The UN has launched a campaign to highlight human trafficking, an issue it says has reached epidemic proportions over the past decade.
Modern-day slavery affects millions of people around the world, the UN Office on Drugs and Crime (UNODC) said.
Its initiative aims to raise awareness of trafficking both among potential victims and those who buy services or products that rely on slave labour.
It comes as the UK marks 200 years since abolition of the slave trade.
The campaign, entitled The Global Initiative to Fight Human Trafficking, brings together a raft of UN agencies and NGOs.
At the launch in London, UNODC Executive Director Antonio Costa said that the types of exploitation varied from place to place.
Many women are forced to work in the sex trade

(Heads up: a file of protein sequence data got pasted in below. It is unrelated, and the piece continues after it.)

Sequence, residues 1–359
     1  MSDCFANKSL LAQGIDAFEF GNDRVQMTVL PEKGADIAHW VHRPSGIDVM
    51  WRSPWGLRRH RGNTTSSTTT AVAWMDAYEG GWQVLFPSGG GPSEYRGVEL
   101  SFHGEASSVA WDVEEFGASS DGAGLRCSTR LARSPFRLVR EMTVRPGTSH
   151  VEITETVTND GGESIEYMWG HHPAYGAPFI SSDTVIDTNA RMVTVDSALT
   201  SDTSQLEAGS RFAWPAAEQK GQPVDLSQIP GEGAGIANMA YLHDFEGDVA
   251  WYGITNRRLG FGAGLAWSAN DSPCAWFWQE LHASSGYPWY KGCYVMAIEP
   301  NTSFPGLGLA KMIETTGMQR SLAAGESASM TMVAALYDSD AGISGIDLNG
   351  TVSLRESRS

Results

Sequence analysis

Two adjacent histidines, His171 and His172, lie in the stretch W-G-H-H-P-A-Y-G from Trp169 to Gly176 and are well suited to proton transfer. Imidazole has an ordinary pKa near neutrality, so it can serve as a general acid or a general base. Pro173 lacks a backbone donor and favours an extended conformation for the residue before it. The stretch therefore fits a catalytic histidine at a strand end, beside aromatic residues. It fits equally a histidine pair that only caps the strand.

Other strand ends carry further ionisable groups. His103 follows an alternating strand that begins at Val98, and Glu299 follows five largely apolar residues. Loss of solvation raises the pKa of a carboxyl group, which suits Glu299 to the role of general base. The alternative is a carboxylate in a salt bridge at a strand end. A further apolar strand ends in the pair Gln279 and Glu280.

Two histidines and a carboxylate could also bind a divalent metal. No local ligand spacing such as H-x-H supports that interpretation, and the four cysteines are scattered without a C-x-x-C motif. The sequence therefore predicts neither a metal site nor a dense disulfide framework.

"In Europe there may be sex-related exploitation while in other parts of the world there may be camel jockeys, children forced to dive looking for pearls or oysters, people beaten like modern slaves, women in quarries," he told Reuters news agency.
He said the campaign aimed to tackle human trafficking "both on the supply side, in making people less vulnerable and more aware, and on the demand side by showing people some of the services they ask for are forms of exploitation".
He also called for greater commitment from countries to legislate against the human trade and to prosecute violators.
According to a report last year by UNODC, countries that were major sources of trafficked persons included Thailand, China, Nigeria, Albania, Bulgaria, Belarus, Moldova and Ukraine.
Thailand, Japan, Israel, Belgium, the Netherlands, Germany, Italy, Turkey and the US were the most common destinations, the report said.
There are no exact statistics on the number of people affected globally.
But according to UNODC, experts believe that some 2.5 million people throughout the world are at any given time the victims of human trafficking.
Many of these are women and young girls forced to work in the sex industry, while others are men forced to work as labourers in dangerous conditions for little or no pay, the UN agency said.